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“Just Keep Going With This Work”
The National Wildlife Federation’s Susan Kaderka has just been awarded the 2019 Terry Hershey Texas Women in Conservation Award by Audubon Texas.
As the Regional Executive Director of the National Wildlife Federation’s South Central Regional Center in Austin, TX, Kaderka oversees the National Wildlife Federation’s conservation and education work in 12 states and two territories.
Kaderka has long had a particular interest in protecting the region’s water resources—its rivers, streams, wetlands, and estuaries. Under her direction, the National Wildlife Federation has worked to reform Texas’s state water policies to better protect fish and wildlife, to restore the Gulf of Mexico in the aftermath of the BP oil spill, to address the wetlands loss crisis on the Louisiana coast, and to influence Congress to fully fund long-overdue restoration in the Everglades.
Furthermore, during Kaderka’s tenure, two National Wildlife Federation programs for schools—Eco-Schools and Certified Wildlife Habitats—have touched more than a million children in the 12-state region she manages.
As water policy expert and environmental attorney Mary Kelly notes, “Susan is the consummate behind-the-scenes player. She is the one who makes it all work. She communicates to philanthropy how important this is, she organizes the groups so they stay on the same page and she helps each person meet their goals.”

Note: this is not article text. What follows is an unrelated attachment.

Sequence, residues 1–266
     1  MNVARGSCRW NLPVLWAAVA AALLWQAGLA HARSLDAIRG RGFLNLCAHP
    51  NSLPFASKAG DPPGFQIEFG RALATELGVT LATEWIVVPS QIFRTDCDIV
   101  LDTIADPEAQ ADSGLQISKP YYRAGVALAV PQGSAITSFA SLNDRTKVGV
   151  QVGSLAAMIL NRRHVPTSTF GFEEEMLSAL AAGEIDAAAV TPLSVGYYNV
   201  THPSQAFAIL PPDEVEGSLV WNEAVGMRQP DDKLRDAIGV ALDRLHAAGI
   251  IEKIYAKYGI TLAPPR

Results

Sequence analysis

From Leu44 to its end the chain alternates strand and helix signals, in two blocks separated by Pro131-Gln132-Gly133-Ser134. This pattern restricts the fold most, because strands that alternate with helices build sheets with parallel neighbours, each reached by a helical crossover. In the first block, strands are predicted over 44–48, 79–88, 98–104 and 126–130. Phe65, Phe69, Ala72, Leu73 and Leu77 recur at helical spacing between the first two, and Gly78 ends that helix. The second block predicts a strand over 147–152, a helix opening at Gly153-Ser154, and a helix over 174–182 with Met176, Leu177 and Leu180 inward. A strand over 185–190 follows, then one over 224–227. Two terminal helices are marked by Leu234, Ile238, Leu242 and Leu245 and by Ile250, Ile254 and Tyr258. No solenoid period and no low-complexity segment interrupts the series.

The award is named in honor of legendary Houston conservationist Terry Hershey A tireless advocate for conservation, Hershey fought to prevent the Army Corps of Engineers from channelizing Buffalo Bayou, used her position on the Texas Parks and Wildlife Commission to protect vulnerable habitats, and launched several conservation groups that are still active today.
Kaderka’s remarks at a luncheon benefiting Audubon Texas conservation leadership program touched on her relationship with Hershey, who was a benefactor to the region’s efforts to protect Texas’s rivers and bays.
“I’ve been thinking a lot about Terry since hearing about this honor. I remember getting a grant award letter from Terry and her foundation one year. Above her signature, there was a little note from Terry. It said something like, “Just keep going with this work” and I could almost hear her voice. It was a little bit impatient, a little bit brusque—but it was also extremely encouraging. Conservation work in these times is challenging and I just wanted to take this opportunity to invoke Terry and her spirit and to encourage of all us to just keep going with this work.”